Last updated on January 11, 2020
The landmark events of 2019 tell us what the future holds. Hopefully, the fashion industry will stop being the second most polluting industry in 2020
AS WE enter a new decade, pause awhile to reflect on the fact that fashion remains the second most polluting industry of all times. For all the things that made a difference in the world of dress design or made a piece of news for that matter, everyone must learn by heart what did not change about it. However, it was indeed a year of wins, misses and learnings for stakeholders around the world.
Let’s map out last year’s headlines around the world, one story at a time.
- Karl Lagerfeld, a connoisseur of sorts for the fashion world, took his last breath in February after a lifetime’s work behind the most iconic brands like Chanel and Fendi. There are founders and then there are those keepers who take a brand to newer heights. That is what Karl did for these brands. The renowned designer and industry icon passed away at the age of 85 after he missed the Chanel Spring Couture Show 2019 due to illness. However, sources at WWD have mentioned that he was working until the end. The man will go down in history as one of the most influential and memorable figures ever to work in the fashion world.
- Going carbon neutral is becoming fashionable and fret not, big brands are going that route. Gucci and its sister companies Saint Laurent, Bottega Veneta, Balenciaga that together make Kering announced their step to go carbon-neutral. Climate Change is caused by releasing gases like carbon into the atmosphere through pollution, of which the fashion industry is one of the most significant contributors. So a brand becoming carbon neutral is the best thing it can do. On paper, yes. But in reality, it is a bumpy ride and it isn’t as simple as some brands make it look like it.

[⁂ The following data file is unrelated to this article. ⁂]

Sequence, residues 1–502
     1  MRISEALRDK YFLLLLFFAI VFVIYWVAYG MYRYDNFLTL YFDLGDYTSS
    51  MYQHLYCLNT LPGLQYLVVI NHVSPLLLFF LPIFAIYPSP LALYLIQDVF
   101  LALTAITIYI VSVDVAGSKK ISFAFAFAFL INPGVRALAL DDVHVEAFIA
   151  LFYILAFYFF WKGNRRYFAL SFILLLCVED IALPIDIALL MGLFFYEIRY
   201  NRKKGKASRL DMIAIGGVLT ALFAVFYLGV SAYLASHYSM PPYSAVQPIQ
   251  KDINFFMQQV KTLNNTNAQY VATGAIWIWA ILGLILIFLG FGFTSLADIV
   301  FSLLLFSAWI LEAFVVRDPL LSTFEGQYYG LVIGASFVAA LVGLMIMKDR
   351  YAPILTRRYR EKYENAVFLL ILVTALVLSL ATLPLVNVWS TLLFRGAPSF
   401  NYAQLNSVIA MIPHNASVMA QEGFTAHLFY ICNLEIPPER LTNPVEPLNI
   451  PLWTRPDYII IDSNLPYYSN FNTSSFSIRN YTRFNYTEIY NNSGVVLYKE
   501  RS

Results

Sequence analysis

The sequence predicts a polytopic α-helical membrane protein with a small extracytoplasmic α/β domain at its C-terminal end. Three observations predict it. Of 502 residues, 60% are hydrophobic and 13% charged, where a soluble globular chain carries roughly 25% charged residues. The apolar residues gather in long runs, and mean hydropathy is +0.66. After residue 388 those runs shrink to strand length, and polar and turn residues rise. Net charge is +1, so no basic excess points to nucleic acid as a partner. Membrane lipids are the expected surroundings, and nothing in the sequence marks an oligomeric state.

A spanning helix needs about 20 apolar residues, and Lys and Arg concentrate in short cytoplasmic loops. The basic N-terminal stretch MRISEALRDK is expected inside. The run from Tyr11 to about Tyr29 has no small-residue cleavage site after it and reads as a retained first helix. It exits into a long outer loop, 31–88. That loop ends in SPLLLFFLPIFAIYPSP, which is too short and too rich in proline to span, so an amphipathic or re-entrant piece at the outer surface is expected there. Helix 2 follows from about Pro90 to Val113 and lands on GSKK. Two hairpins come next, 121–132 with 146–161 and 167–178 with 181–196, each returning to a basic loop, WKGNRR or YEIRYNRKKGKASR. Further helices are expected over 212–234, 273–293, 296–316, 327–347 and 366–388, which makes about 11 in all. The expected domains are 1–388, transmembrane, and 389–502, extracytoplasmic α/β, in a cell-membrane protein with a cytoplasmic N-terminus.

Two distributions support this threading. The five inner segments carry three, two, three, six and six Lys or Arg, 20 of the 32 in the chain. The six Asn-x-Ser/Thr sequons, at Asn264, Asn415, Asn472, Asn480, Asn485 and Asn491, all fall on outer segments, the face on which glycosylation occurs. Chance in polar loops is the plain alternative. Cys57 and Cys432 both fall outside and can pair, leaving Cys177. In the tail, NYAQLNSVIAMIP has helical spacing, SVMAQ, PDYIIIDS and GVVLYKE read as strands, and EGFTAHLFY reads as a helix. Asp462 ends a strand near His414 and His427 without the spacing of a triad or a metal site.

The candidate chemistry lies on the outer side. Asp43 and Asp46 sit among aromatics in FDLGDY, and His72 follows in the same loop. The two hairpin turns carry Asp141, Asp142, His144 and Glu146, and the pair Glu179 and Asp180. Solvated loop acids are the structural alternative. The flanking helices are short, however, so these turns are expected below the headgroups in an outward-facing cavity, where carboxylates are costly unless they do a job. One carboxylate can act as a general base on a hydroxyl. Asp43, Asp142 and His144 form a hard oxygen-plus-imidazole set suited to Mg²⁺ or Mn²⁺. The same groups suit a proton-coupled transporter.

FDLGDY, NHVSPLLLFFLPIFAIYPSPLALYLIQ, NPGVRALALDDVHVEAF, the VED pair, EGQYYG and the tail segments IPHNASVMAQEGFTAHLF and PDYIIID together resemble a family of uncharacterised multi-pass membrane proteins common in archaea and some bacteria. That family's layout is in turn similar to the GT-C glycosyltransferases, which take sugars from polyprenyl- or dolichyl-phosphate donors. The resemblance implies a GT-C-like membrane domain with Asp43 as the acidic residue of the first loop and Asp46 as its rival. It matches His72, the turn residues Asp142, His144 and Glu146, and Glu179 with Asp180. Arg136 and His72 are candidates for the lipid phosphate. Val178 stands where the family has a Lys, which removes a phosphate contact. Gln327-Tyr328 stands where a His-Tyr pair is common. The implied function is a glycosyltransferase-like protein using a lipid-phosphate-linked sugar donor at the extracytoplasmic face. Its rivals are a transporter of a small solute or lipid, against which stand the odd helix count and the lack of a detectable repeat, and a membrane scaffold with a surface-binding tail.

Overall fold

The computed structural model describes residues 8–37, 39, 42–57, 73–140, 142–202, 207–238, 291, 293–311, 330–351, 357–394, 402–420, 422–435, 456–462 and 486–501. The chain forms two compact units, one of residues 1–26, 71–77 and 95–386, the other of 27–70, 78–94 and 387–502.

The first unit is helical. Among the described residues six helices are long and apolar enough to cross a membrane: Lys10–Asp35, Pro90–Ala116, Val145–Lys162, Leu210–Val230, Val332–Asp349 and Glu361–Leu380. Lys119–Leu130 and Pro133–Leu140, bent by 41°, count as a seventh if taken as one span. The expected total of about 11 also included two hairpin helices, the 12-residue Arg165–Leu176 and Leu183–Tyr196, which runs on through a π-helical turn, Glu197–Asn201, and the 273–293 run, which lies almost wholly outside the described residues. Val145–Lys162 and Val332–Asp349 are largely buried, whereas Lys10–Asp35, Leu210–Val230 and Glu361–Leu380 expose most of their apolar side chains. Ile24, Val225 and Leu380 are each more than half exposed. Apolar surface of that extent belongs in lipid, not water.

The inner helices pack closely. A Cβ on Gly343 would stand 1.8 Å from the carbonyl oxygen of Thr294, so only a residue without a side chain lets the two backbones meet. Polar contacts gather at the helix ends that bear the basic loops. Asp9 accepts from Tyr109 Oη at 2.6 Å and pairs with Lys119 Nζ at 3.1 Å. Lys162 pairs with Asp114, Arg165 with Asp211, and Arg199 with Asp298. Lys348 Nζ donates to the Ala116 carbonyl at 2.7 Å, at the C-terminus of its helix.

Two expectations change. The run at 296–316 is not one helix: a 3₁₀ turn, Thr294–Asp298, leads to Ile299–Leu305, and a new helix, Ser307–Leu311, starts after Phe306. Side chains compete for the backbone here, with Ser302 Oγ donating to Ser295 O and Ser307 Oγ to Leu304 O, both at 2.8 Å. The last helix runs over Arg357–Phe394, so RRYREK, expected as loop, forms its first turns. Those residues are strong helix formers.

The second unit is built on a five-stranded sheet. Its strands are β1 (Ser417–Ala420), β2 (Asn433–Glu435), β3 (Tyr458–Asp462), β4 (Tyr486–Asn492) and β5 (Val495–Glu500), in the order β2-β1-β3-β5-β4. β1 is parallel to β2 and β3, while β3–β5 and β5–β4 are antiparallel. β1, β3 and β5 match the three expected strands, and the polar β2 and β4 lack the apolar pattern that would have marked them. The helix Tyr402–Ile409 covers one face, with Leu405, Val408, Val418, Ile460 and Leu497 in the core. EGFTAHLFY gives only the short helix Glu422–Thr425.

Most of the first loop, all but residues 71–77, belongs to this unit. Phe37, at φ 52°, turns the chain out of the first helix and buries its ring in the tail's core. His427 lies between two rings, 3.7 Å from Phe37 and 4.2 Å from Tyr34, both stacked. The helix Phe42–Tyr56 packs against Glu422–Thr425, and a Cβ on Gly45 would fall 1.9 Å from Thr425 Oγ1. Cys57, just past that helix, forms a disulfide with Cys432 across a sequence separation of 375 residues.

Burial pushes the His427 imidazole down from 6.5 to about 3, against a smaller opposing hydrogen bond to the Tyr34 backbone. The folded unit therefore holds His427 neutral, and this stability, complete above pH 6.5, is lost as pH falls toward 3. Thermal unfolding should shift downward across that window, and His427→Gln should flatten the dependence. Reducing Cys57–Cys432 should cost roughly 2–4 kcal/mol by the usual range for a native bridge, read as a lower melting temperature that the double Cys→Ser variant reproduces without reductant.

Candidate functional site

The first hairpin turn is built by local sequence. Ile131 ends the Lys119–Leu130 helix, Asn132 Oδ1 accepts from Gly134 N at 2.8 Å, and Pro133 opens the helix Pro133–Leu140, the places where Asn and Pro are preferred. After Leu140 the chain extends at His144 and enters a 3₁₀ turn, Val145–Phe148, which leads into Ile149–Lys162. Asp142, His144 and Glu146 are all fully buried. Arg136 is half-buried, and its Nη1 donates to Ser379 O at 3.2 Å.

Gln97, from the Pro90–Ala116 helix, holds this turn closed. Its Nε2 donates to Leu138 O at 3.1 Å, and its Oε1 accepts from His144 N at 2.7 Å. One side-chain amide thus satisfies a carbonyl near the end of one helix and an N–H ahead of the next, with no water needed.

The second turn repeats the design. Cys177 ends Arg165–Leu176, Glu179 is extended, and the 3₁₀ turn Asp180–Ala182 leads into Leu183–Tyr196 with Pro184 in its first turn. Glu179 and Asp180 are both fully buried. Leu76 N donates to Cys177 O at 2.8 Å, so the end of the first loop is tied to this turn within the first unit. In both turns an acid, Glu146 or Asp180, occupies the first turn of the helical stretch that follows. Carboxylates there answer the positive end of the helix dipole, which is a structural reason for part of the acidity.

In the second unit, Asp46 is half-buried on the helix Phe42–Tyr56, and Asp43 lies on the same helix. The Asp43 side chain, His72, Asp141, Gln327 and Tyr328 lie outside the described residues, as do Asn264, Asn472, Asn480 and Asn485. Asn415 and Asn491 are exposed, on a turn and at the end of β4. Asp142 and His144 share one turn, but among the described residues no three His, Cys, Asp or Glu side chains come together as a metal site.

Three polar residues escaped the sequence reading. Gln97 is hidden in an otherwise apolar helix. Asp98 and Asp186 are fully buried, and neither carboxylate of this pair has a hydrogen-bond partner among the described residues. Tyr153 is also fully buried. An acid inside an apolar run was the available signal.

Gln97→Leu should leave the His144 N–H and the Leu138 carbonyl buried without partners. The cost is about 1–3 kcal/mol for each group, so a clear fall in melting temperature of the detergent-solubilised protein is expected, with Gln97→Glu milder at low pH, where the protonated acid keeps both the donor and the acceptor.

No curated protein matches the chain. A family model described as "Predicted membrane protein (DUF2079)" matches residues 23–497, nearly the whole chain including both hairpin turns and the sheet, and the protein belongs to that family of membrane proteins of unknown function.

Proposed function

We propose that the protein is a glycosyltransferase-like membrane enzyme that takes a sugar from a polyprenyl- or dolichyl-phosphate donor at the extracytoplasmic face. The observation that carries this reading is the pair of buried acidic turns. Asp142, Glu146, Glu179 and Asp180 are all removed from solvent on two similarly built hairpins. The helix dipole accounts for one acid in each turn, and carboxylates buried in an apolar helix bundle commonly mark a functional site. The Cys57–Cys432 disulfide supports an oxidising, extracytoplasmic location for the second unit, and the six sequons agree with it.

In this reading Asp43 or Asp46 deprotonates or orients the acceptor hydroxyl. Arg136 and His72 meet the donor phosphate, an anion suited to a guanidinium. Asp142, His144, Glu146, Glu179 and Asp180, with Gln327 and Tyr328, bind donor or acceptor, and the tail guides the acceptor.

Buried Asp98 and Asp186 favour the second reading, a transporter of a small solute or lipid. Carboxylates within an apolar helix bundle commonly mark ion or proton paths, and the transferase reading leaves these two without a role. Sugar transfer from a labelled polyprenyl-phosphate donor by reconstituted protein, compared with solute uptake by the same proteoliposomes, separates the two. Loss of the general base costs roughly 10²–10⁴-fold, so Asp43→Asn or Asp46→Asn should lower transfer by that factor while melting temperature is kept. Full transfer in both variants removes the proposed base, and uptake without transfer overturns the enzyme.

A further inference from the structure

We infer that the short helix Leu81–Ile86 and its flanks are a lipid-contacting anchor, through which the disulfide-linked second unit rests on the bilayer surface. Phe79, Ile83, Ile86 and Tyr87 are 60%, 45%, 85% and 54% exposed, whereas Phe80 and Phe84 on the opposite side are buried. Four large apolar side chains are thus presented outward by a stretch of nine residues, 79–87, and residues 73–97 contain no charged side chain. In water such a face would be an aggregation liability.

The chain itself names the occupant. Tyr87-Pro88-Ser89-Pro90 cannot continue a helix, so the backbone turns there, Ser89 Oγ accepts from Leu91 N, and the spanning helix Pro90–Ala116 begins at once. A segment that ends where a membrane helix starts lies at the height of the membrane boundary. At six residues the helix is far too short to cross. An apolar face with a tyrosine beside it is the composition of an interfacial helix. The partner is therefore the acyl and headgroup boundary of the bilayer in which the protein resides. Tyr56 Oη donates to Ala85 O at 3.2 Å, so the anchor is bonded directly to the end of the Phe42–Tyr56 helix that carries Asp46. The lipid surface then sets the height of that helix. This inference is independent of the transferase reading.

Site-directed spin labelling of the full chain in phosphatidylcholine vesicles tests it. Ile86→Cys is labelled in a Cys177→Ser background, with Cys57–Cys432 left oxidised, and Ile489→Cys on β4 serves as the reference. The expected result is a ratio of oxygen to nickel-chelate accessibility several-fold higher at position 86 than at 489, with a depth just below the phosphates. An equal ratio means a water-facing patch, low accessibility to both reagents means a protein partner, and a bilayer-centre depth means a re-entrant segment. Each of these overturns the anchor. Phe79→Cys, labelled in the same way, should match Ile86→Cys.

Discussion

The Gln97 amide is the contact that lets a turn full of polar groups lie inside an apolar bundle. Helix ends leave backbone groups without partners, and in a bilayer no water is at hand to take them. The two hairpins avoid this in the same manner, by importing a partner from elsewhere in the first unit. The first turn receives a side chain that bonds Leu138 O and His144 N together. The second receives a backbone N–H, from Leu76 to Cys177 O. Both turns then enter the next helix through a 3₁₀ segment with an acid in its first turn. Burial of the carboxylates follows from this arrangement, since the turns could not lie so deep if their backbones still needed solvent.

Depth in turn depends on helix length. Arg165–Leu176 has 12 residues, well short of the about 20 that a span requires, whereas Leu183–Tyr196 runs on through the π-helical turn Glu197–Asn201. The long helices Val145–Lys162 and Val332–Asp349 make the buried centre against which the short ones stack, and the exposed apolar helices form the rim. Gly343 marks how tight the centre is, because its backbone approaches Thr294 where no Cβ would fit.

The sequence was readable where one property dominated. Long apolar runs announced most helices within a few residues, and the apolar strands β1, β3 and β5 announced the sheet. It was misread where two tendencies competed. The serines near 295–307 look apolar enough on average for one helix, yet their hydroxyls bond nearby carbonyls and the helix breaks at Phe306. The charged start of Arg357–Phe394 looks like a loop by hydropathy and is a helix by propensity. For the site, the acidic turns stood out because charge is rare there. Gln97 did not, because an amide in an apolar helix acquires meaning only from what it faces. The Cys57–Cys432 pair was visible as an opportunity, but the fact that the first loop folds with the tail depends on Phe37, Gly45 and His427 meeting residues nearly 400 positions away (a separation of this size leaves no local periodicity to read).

- On a different note, your go-to fast fashion Forever 21 brand filed for bankruptcy. This came as a shock to those who make weekly visits to their stores to stock up on fast merchandise. The fashion activists are secretly giggling after hearing this news. Fact is, fast fashion was never healthy for people and the planet. The big pile of discarded clothing is only getting bigger and there is no taker of it. The retailer’s rapid expansion internationally took a toll on the company. This further contributed to its decision to file for bankruptcy protection in September, at the time the brand had about 800 stores worldwide. Analysts also say Forever 21 failed to understand some of the markets outside of America as it opened more shops in places such as China and London. Whereas at its peak, F21 was bringing in more than $4 billion in sales annually. Such news this was!
- The fact that the Swedish Fashion Council cancelled Stockholm Fashion Week was celebrated around the world by everyone who cares or has any idea how the system affects people and the planet in the ways that it does. This happened at the time when many fashion week organisers were going haywire about increasing the number of their annual shows. This news gave significant stakeholders around the world, food for thought and proposed to create a new format for the industry instead of having a standard fashion week. A step like this one coming from a Nordic country is not something that surprised anyone. Let us say they know better what went wrong and when with the world. According to Jennie Rosén, the CEO at Swedish Fashion Council, this decision of separating from the traditional fashion week model is not an easy one. Putting the past behind and encouraging a platform that brings in sustainability and innovation is what is needed, in her belief for today’s fast fashion industry. Cheers for the Swedes!
- To end this pious list, might we add that rapes continue to happen irrespective of what a girl wears every time she leaves her house. The rape of the doctor from Hyderabad caused much outrage amongst people but that hasn’t changed the norm on a girl’s freedom to choose her dress every day. No one is being spared. ■